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Biovision Hierarchy

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BioVision Hierarchy
Filename extension
Developed byBioVision (later owned by Autodesk)
Type of format3D animation data format
Open format?No

BioVision Hierarchy (BVH) is a file format used for storing motion capture data. It was developed by BioVision, a company that was later acquired by Motion Analysis Corporation. The format consists of a hierarchical structure of joints, with each joint containing rotation and translation data. BVH files are widely used in the film, gaming, and animation industries.

History and Development[edit]

BVH file format's history and development span back to the 1990s, and it was originally developed as a proprietary file format for BioVision's motion capture systems, but later it was adopted by other motion capture systems, such as Vicon and OptiTrack. In the early days, BVH files were created for specific models and needed to be reworked for different models. However, as the use of BVH grew, more standardized models were created and used across different systems.

The development of BVH file format was a significant milestone in 3D animation and motion capture. Prior to BVH, motion data was recorded with pen and paper or entered manually into a computer. BVH allowed for the automatic capture and recording of motion data, making it easier and more efficient to create realistic animations.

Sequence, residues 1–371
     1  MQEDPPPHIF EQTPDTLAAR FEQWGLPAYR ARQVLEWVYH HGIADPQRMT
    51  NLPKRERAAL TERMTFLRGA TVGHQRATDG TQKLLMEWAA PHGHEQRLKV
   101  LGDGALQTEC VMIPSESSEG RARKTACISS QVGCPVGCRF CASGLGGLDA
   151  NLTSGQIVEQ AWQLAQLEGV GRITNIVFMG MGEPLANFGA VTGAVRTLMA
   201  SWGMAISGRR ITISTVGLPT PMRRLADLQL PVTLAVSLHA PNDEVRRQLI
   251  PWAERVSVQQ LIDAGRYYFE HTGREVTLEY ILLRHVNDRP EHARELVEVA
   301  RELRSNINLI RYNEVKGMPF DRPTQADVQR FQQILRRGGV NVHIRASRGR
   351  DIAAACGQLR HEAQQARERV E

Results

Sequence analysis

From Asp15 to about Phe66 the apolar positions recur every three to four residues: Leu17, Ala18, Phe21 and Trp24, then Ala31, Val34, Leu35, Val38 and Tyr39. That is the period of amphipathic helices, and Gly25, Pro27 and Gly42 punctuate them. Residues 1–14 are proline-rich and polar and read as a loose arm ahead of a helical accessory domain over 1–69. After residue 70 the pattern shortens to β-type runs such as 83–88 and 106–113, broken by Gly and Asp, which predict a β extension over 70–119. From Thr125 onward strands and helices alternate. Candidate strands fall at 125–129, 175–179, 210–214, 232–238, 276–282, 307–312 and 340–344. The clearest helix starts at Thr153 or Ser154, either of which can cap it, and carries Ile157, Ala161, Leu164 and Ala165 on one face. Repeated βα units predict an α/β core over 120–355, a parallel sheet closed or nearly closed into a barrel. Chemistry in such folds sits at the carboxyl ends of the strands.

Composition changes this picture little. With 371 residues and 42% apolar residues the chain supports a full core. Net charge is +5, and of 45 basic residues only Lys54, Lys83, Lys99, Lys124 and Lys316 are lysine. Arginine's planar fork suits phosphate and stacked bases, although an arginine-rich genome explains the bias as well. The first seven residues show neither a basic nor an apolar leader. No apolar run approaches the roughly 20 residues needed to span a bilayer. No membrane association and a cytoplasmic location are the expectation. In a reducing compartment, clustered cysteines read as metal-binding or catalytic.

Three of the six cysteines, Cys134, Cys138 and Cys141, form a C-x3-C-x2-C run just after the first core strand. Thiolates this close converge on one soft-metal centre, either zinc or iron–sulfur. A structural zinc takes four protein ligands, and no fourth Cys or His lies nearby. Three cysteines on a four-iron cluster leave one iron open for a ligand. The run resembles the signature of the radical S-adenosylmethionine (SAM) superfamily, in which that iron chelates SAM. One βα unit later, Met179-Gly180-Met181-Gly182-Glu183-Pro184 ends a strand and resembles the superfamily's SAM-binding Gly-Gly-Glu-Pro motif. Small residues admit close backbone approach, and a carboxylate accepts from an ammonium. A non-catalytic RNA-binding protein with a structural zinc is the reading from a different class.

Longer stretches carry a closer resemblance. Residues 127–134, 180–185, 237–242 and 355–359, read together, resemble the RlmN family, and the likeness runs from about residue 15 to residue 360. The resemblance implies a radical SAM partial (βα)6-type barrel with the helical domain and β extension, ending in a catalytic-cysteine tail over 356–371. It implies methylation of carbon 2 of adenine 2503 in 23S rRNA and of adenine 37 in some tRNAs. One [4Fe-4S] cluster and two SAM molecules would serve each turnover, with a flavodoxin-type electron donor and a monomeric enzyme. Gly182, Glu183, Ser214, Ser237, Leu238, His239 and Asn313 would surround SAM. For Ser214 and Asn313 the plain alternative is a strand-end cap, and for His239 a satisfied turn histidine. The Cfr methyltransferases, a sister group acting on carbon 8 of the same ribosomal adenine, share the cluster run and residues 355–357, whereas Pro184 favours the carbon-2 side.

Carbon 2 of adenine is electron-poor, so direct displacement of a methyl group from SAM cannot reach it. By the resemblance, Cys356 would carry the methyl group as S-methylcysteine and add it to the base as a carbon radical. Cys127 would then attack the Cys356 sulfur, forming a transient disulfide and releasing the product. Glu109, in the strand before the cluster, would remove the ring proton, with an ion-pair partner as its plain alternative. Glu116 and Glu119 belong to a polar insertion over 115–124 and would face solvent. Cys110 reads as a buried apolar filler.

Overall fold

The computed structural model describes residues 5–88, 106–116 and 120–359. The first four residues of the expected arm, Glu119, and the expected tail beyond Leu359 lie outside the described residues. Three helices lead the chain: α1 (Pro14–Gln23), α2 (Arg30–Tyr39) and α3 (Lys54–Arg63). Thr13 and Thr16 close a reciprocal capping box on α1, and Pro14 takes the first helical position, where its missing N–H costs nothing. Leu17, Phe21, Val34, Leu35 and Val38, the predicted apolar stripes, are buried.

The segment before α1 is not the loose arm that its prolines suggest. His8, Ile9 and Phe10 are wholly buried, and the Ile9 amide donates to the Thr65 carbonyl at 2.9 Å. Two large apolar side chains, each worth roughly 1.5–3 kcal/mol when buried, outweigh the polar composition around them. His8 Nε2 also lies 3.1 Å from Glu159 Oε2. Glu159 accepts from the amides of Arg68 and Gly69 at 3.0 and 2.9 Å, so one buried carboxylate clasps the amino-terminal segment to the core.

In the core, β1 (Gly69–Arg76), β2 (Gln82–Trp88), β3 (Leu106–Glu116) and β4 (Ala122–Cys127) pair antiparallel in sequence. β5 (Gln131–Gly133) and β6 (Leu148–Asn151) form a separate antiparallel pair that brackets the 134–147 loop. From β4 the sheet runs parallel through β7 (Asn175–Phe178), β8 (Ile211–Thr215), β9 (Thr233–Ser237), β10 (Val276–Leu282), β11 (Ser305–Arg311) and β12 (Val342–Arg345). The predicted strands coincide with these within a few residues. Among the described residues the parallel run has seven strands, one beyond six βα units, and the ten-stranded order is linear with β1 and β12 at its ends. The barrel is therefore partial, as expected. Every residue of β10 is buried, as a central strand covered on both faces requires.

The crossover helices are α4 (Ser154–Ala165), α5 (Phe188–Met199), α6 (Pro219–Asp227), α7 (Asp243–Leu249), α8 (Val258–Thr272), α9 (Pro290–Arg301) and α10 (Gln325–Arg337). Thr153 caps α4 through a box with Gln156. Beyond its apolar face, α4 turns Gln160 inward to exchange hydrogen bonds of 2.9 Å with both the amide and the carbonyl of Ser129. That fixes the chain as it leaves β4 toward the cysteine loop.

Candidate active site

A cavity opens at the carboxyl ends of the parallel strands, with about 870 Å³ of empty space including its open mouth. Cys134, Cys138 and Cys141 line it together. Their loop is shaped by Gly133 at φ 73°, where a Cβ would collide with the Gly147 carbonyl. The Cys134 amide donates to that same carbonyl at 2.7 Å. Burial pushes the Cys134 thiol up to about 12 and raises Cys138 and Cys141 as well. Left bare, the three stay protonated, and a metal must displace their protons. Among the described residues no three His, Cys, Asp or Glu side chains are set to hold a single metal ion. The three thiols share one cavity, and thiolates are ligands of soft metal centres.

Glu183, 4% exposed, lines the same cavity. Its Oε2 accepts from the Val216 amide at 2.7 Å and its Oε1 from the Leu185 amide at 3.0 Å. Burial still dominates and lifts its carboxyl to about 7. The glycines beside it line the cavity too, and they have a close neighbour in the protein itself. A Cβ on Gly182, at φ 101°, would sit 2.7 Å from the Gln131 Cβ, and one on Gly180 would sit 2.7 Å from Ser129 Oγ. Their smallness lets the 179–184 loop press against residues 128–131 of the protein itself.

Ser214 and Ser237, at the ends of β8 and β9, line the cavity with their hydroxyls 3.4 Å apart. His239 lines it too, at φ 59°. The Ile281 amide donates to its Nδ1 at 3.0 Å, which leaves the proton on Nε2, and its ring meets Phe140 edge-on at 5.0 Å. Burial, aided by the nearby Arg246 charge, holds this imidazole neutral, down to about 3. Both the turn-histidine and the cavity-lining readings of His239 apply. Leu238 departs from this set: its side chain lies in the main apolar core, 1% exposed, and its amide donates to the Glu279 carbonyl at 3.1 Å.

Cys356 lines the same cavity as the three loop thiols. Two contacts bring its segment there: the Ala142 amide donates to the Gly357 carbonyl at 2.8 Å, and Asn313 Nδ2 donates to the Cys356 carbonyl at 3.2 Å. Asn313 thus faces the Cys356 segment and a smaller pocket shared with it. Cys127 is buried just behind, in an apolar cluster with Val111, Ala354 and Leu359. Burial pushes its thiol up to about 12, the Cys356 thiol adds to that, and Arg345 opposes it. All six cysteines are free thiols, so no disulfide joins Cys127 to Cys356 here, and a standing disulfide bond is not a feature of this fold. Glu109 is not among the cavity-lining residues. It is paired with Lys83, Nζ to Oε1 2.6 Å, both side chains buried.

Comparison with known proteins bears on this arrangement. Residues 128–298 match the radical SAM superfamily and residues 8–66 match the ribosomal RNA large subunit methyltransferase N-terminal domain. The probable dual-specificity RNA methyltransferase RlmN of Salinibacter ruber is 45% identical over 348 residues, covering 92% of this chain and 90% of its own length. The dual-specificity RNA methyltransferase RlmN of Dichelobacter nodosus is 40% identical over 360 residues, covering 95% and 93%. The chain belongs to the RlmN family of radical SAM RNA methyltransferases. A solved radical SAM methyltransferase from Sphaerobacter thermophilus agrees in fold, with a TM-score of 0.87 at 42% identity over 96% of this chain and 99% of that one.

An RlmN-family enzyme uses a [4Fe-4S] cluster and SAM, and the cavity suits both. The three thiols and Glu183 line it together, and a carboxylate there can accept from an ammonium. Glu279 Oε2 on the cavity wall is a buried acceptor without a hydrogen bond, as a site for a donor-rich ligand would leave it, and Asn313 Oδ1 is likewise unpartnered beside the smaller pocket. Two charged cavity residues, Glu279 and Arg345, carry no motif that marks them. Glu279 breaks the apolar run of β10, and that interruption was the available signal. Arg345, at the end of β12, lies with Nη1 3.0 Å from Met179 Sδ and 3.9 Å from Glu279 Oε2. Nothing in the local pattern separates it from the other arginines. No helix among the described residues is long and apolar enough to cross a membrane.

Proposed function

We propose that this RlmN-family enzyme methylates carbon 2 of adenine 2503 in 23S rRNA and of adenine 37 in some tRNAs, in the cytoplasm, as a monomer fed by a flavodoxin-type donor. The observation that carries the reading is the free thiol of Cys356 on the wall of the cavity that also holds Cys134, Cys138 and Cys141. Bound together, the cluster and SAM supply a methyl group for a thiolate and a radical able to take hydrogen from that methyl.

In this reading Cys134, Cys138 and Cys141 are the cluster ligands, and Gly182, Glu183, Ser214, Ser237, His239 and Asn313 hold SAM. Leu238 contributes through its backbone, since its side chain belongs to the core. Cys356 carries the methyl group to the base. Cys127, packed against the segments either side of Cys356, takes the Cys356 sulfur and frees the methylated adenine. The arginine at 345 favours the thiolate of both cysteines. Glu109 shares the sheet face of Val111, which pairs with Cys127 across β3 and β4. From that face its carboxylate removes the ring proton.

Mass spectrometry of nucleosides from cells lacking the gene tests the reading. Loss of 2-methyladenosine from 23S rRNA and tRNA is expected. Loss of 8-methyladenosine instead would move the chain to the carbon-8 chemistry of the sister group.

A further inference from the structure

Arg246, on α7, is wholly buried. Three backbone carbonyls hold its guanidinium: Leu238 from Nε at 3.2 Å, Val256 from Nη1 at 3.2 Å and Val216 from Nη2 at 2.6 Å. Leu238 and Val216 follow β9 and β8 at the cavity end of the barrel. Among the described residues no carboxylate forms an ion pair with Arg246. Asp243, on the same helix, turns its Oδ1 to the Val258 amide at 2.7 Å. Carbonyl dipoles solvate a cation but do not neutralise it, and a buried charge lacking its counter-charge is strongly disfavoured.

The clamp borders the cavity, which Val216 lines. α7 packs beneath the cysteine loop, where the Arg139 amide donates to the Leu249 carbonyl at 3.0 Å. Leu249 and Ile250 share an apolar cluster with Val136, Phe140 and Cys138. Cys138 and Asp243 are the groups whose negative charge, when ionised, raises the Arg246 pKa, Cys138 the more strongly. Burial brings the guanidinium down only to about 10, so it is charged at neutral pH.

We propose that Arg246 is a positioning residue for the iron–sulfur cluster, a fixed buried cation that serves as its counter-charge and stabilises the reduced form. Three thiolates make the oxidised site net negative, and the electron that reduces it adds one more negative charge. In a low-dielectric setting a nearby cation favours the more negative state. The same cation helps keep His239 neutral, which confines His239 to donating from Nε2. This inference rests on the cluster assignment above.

Today, BVH remains a widely used file format for motion capture data and is supported by many animation software packages, such as Autodesk's Maya and Blender. It has become an essential tool in the animation industry, particularly for creating realistic and lifelike animations for movies and video games.

Comparison with other file formats[edit]

Filmbox (FBX)[edit]

  • BVH files are often used in conjunction with software applications that support the format, including Blender, Maya, and MotionBuilder.
  • FBX files are compatible with a wide range of software applications, including Autodesk products, Unity, and Unreal Engine.
  • BVH files are limited to animation data capture and do not include other scene information.
  • FBX files offer a wider range of animation features, including support for animation events, several animation tracks, and curves.
  • BVH files are comparatively smaller in size compared to FBX files.
  • FBX offers more control and flexibility at the expense of additional complexity and file size.

See also[edit]